Former inmate Yasien Mohamed surveys the milky-white lime quarry where prisoners spent their days digging. During Mandela's early years on Robben Island, inmates were not allowed to study. Still, those who wanted an education, got it.

MOHAMED: Those who were doctors, lawyers, teachers and journalists enhanced the education of the less fortunate. If you are doing, for example, mathematics you will stand while working next to a mathematician and he will teach you mathematics by making like children making drawings in the sand.

Eventually, all prisoners were given the right to study.

Prison Gate Prison gate, Robben Island
In 1982, Nelson Mandela was transferred from Robben Island to Pollsmoor Prison in Cape Town, then again two years later to nearby Victor Verster Prison, where he was finally released on February 11, 1990. The following year, the government closed down the prison on Robben Island and declared it a national monument in 1997. In a speech given on the island during that year, President Mandela referred to Robben Island as "a symbol of the victory of the human spirit over political oppression." It is for this reason, and no other, that Robben Island guide and former prisoner Patrick Matanjana returns to this place of painful memories every day.

GUIDE: I'm doing this not because I like it, not because I had to do it but I'm doing this as a free man so that even the next generation should be in the position to see that uh how conditions used to be, they should know, they should see how their forefathers, their foreleaders used to be.

On Robben Island, South Africa, I'm Tom Verde for the Savvy Traveler.


There are five daily trips to Robben Island, with boats departing from the clock tower on the Victoria and Alfred Waterfront. Tours cost about $20 and include transportation to and from the island plus a tour of the prison, prison grounds, and the quarry where prisoners labored. Eco-tours, to see penguins and other sea birds, and cycling and walking tours to see the village where prison officials and their families lived, are also available.

For reservations and tickets contact:

The Robben Island Reception and Information Centre
PO Box 51806
Waterfront 8002
Cape Town
Republic of South Africa
Tel: (021) 419 1300
Fax: (021) 419 1057
e-mail: embark@robben-island.org.za


Robben Island Museum
Robben Island 7400
Cape Town, S. Africa
Tel: (021) 411 1300
Fax: (021) 411 1059
e-mail: info@robben-island.org.za

Alternatively, ask your travel agent before you go to arrange tickets, or have your hotel make reservations for you.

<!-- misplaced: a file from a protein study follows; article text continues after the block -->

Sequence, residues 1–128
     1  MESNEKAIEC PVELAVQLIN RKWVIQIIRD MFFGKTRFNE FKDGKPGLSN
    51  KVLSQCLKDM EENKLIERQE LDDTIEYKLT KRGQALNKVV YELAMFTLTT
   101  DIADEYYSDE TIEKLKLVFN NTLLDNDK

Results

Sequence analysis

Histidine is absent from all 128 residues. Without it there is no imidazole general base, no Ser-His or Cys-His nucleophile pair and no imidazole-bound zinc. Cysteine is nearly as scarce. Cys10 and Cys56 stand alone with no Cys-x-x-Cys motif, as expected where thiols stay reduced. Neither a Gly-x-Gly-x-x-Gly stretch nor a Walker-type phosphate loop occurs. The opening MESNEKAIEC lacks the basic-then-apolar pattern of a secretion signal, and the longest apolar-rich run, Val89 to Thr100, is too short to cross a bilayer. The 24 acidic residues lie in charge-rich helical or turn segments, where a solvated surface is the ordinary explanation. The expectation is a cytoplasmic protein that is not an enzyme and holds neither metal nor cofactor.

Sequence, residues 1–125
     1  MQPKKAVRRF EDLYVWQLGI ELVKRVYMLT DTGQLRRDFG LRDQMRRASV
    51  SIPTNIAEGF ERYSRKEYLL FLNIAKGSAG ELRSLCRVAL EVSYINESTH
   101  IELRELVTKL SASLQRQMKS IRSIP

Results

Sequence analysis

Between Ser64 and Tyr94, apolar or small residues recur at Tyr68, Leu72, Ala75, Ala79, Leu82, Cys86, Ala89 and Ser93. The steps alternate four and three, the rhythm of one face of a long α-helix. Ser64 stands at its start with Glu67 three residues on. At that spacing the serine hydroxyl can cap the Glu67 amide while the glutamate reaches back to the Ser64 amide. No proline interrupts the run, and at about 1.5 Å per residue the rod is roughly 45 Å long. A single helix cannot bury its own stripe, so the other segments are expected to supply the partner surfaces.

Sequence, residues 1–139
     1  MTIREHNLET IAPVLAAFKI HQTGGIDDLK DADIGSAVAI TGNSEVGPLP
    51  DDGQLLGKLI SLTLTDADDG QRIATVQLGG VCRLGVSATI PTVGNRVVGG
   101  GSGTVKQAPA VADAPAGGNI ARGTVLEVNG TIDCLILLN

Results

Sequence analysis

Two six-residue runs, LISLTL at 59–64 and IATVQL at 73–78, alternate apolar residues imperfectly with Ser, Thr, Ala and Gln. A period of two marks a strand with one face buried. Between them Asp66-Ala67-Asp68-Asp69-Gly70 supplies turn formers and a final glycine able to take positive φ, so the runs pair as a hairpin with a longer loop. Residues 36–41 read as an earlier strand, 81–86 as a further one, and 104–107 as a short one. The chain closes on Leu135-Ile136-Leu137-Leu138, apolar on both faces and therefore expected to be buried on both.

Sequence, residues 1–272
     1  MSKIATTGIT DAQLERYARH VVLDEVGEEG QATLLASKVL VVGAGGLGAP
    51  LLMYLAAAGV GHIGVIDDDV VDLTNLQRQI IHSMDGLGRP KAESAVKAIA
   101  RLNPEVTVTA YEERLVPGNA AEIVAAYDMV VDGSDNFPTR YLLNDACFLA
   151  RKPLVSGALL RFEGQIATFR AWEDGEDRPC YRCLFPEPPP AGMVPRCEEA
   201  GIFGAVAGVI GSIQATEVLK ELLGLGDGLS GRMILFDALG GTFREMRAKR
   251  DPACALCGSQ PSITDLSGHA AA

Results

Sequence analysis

Visit the Robben Island website at www.robben-island.org.za


Cape Town is S. Africa's oldest city, founded in 1652 by the Dutch East India Company. There are many fine examples of Dutch colonial, Georgian and Victorian architecture throughout the city. There are many things to see and do--from the hub-bub of the Muslim market to the excitement of a cable ride up Table Mountain, to the peace and quiet of The Company Gardens, a remnant of the original 17th century gardens planted by the Dutch East India Company to grow food to replenish its ships as they rounded the Cape of Good Hope.

Among the Cape's most famous attractions are:

The Victoria and Alfred Waterfront:

Historic waterfront shopping district where you can find anything from gemstones and antiques to tacky souvenirs, in addition to a variety of great dockside taverns and restaurants.

Table Mountain:

Rising 4100 feet above the city, Table Mountain is the Cape's most distinguishing natural landmark. From its massive flat summit (which gives it its name; when rain clouds obscure the summit, locals say that the mountain is wearing its "tablecloth") visitors can enjoy breathtaking views of Cape Town as well as Table Bay, False Bay and, on a clear day, the distant Hottentots Holland Mountains. Take the Cableway to the top for a thrilling ride.

Accommodations in Cape Town courtesy of:

The Cape Grace Hotel
West Quay
Victoria and Alfred Waterfront
Cape Town
South Africa
Tel: (27) 21 410 7100
Fax: (27) 21 419 7622
e-mail: cgrace1@iafrica.com

Elegant and gracious new hotel, centrally located on the Victoria and Alfred Waterfront and just minutes from the clock tower where you catch the boat to Robben Island. Spectacular views of Table Mountain, the yacht marina, and the working harbor. Extensive wine list at Quay West, the hotel's restaurant, which offers a fusion of Mediterranean, Eastern and local dishes (don't miss the Quay Lime pie for dessert!).

Double occupancy rooms start at around $260 per night.

Air Carriers:

South African Airways, in partnership with American Airlines, has direct flights from the United States (New York and Miami) to Johannesburg. Call 800-722-9675.

Other carriers to South Africa, via European cities, include:

British Airways
Air France

For more information on travel to South Africa, call or write:

The South African Tourism Board

747 Third Ave.
20th Fl.
New York, NY 10017

Suite 1524
9841 Airport Blvd.
Los Angeles, CA 90045-5431

Air transportation courtesy of the South African Tourism Board.